RIVA HISTORICAL SOCIETY | Amateur sports and cultural Association founded by Carlo Riva.


It was the boatyard's top model for many years and even the Aquarama, born in 1962 using the same hull, as a replacement for the Open Tritone, was to have trouble despite its greater practicality in ousting the Tritone from the price list for several years. It was designed as a twin-engine, with name AQ, but the next four to be built had a single Scripps engine. The windscreen was two-part glass, the wheel had two spokes and the instruments were black SW/Chris-Craft. As with the other models, the windscreen soon became single piece without a frame.

From 1954 it was built with twin Chris-Craft engines coupled to Chris-O-Matic electrohydraulic controls. The windscreen became wrap-around with a chrome plated frame uniting four glass panes. A green canvas covering the passenger compartment could be fitted to it and to a removable frame, it was the hood in embryo. Wheels of various origin taken from car production, with two, three or four spokes, were fitted.

In 1955 the centre distance of the frames was reduced to 24 cm and adhesives were used for fixing the side planking. Steering box, propeller shafts, bearing bushes and hull screws were upgraded in common with the other models. Control instrumentation was enriched (electric rev. counter, petrol gauge and water temperature gauge).

The upholstery was of yellow vinyl surrounding checked Saran. Finally, in the 1956 series, an original two-spoke wheel produced by Reina was fitted, of heavy type and with the three little sailors in the centre. # 33, with the same hull as the Tritone, is Tritone Cadillac, a variant in production until 1960. The last one had a longer hull.

In 1957 the fore deck was enhanced by two hatches for ventilating the cabin. Jaeger instruments were used while awaiting the new ones from America. These had a black dial with white figures protected by a glass inset into a plastic rim chrome plated outside and black inside and with a slight curve against reflections. The deck was of ply from # 40, and the transom of three layer diagonal planking from # 44.

In 1958 the Tritone benefited from all the technical improvements made to production (new dashboard, instruments and wheel from # 88) with the exception of laminated sides. (The sides were to continue to be of carvel construction – solid planking glued to the timbers until 1964). Furthermore, there were two blowers, a fan was installed in the cabin and a locker created under the stern seat.

Experiments with a new resin to replace glue for fixing the planking to the sides were made on six examples. In view of the results, Aerodux resin was used from the 1959 series. The external modifications, similar to the Ariston ones, involved improvements to the hood and the hatch hinges, as well as installation of the new dashboard with the new instruments, the deep-centre wheel, the Plexiglas article tray, new fairleads and wooden side pockets. Starting from # 95 the upholstery was of zebra pattern with pastel green trimming. Inside, the air vent for the bow locker could now be opened.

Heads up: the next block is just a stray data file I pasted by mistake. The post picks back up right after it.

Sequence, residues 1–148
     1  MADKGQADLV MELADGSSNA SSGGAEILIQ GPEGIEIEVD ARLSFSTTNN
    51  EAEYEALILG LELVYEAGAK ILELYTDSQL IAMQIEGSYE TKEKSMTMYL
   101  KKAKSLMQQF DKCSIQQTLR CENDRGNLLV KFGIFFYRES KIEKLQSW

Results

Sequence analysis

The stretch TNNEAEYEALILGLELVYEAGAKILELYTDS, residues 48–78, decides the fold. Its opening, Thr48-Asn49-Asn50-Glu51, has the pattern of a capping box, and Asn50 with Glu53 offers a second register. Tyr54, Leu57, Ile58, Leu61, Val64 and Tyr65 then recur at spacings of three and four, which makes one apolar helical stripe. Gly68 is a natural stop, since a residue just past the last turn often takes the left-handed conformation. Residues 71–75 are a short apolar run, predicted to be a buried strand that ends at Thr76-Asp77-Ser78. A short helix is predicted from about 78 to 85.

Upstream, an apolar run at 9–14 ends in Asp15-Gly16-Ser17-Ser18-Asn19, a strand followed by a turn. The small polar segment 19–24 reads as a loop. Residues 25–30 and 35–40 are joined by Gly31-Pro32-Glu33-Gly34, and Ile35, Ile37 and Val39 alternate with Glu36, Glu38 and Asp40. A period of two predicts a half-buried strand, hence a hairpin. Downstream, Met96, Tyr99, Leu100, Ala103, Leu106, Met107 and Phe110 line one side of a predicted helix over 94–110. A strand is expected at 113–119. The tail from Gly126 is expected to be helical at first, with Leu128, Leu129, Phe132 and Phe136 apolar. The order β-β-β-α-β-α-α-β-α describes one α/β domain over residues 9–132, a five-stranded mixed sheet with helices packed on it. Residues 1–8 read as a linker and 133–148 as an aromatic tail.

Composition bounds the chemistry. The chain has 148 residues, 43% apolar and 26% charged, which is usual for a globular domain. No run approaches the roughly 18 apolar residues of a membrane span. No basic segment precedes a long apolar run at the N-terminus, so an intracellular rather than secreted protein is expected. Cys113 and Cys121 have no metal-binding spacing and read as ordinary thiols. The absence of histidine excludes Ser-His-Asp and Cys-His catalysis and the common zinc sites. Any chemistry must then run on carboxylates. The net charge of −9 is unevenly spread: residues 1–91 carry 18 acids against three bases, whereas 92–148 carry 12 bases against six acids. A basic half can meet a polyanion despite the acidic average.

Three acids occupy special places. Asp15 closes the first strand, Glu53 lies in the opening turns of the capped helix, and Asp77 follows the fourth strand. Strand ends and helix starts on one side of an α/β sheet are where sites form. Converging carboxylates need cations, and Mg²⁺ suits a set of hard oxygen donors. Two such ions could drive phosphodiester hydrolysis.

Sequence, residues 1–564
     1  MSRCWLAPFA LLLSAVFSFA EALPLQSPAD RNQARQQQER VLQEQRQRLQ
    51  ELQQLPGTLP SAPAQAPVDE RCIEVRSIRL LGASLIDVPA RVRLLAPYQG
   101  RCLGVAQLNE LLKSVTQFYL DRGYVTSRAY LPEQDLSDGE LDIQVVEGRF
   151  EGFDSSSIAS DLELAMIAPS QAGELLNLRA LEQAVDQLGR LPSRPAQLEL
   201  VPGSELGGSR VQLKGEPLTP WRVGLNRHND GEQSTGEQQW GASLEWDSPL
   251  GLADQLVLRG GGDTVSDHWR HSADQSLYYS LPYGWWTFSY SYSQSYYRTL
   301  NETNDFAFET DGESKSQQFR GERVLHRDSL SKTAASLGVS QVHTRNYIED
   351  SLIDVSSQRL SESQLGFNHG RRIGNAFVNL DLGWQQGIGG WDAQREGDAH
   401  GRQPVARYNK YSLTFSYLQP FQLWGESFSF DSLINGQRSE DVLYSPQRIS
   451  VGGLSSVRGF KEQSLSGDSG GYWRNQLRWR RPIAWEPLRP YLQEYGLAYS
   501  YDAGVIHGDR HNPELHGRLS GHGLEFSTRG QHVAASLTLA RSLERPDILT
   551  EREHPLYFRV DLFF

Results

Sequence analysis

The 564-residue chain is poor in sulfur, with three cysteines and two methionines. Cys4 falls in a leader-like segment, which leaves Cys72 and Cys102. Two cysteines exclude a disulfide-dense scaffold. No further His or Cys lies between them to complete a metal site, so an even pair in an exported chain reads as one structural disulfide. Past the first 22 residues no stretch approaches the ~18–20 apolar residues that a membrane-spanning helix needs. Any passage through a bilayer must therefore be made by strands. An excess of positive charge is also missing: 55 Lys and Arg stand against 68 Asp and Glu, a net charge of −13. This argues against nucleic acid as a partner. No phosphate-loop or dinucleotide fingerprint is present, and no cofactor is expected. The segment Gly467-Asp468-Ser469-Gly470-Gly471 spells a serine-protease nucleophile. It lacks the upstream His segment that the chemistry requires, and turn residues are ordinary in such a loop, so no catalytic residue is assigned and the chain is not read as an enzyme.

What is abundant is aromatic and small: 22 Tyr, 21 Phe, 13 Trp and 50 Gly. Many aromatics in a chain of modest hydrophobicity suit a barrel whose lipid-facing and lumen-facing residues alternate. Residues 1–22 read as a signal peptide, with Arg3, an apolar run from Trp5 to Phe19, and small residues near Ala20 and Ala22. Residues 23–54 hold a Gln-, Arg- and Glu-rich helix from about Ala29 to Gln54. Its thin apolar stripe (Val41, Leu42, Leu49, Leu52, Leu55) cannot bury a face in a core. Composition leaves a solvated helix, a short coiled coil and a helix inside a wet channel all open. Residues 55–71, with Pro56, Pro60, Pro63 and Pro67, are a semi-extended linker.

In 1960 the Tritone had all the improvements common to the Ariston and Super Florida, also as a result of the use of engines with hydraulic gearboxes and 12 volt electrics. Thus the Chris-O-Matic controls also disappeared. All screws were now of Phillips type. The plastic covering the cockpit sole boards was more textured and the dashboard was enhanced with a cigarette lighter. The optional sunbed, which had been the same as the Ariston's (94x140 cm) was enlarged (120x150 cm). Modifications were made to the aft deck of boats # 128, 129 and 130 to create a recessed sunbathing area.

15 examples, called the Open Tritone, were built up to 1962. # 127, on the other hand, saw the birth of the Super Tritone, with the hull lengthened to 8.25 m. Only one of these series, from 1962, was open. The 1961 series had new upholstery, still with pastel green trimmings but redesigned as a ''V'' on the backrests and with ribbed ivory coloured insides. The dashboard control knobs were changed. The lines of the hull were modified at the stempost and the length was increased from 7.94 m to 8.02 m. Below decks the forepeak hatch was no longer of netting but of wood, with the fretwork of an anchor. The capacity of the Super's fuel tanks was increased from 400 to 500 litres.

In 1962 the bow edge was narrowed starting from # 169. Icebox and ladder became standard. There were improvements below deck in 1963 (step and bunk 7 cm wider), soundproofing of the engine bay and new exhaust silencers. The cutwater was 40 cm longer. Moreover, in the super, the roof of the fore cabin was padded and aesthetic modifications similar to those of the Aquarama were made: Honduras dashboard and profiled lip above, as well as part of the deck, between windscreen and dashboard, of plain mahogany without inlay. The anchor and winch in the bow, raised boards on the edge of the foredeck and a bow cap of new design, forming two air intakes with a single central fairlead completed the introduction of the Aquarama characteristics in the prow of the last Super Tritone.

In 1964 the hull of the Tritone, still identical to that of the Aquarama, was lengthened by 1 cm and the ''V'' of the bottom was accentuated in correspondence with the midship section, which became deeper. From # 223 laminated sides and VDO instruments, screws, upholstery and internal sides followed the updates of the other models but the dashboard remained of Formica. From # 239 the ''V'' of the bottom was further deepened. The Tritones of 1965 and 1966 were end of production completions and some of them, at customer request, were finished in Aquarama style.